We started to pick trail centre signs up. Great news – it couldn’t be far now. We caught up with another couple of guys who were slightly confused by the route, so we told them what we had been told and off we went down the Mark of Zorro. What a trail this is – it just keeps going. It’s got to be one of the longest trail centre descents I’ve ever done; brilliant stuff. We eventually got chucked out onto the fire road at the bottom where we decided to have a bite to eat. Remembering what the guy on the quad bike had told us, we thought we might need some energy as there was a bit of a climb back to the centre.
Looking up, this was more than ‘a bit of a climb’… it kept going up and up and up. I had a flashback to the local guy who said, “Shall we go up here? It’s only four miles back to the centre.” The track started to flatten out… brilliant! We’d made it! Then we went round the corner and bang… straight up another hill! My poor little legs! At last we climbed to the top and we could see the trail centre at the bottom. There is nothing better than seeing the finish when you’ve had a tough one like that. Nice downhill too, right back to the car park where we picked up our times of ‘bloody hell that long and 46 minutes.’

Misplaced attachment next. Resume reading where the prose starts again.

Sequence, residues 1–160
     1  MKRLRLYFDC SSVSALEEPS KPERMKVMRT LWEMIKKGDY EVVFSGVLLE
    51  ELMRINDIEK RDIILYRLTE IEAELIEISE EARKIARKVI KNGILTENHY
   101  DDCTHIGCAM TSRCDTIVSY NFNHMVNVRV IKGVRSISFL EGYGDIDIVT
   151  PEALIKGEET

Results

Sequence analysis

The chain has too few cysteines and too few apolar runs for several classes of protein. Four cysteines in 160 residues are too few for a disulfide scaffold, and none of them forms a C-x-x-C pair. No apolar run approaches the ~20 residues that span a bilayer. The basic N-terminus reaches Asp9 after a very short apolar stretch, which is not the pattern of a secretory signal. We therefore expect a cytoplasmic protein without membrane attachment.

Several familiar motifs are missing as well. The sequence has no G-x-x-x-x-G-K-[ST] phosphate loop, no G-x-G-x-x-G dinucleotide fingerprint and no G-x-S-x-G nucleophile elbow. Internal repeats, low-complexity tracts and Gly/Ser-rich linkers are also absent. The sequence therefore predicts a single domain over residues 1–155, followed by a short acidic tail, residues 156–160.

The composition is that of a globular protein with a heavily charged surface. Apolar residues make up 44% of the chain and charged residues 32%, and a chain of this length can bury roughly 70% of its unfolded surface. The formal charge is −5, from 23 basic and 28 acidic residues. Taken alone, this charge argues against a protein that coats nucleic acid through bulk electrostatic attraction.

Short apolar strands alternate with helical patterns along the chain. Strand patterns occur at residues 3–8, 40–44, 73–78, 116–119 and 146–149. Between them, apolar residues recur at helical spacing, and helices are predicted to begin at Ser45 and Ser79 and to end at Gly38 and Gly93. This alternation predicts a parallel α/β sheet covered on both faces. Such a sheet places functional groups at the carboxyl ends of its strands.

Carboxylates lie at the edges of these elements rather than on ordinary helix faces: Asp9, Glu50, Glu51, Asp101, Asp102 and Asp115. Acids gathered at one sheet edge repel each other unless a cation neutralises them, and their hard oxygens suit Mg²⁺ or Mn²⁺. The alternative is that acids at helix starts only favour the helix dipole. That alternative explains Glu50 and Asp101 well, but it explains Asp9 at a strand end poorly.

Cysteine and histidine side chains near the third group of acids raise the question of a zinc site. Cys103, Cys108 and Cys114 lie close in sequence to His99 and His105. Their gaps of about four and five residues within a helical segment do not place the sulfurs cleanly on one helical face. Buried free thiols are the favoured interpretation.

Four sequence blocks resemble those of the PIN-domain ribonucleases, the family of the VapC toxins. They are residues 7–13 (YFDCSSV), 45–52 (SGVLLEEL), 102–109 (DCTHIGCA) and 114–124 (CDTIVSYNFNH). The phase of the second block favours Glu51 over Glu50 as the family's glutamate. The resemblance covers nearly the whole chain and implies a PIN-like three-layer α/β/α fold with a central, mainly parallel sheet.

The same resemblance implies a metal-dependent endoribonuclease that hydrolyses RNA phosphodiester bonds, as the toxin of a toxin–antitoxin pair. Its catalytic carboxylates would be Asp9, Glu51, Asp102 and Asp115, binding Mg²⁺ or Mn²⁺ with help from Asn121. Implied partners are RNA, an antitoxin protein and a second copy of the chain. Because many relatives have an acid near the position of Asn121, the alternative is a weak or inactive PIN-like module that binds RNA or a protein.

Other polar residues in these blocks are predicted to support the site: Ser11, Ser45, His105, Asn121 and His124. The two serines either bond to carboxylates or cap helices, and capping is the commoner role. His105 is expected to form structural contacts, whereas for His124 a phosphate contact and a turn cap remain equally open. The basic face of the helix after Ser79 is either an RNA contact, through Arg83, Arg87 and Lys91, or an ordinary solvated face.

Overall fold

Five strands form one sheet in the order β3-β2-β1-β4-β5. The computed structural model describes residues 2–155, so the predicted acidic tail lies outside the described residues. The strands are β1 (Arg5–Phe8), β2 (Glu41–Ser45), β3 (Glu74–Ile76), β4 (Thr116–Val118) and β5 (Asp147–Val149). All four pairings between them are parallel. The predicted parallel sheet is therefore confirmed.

For me this was a proper tough ride but I always enjoy them.
A big thanks goes to:
Ollie for sticking with me (he’s more than capable of shooting off and putting in a respectable time). We did have a laugh.
Neil and the Red Kite team for putting on another brilliant event.
Peter and the Drovers Rest team for feeding this hungry boy and having smiley faces on a grey day.
And all the MB Swindon guys and gals for saying ‘Hi’ and taking part.
Till the next time on the 20th of September, Adios Amigos!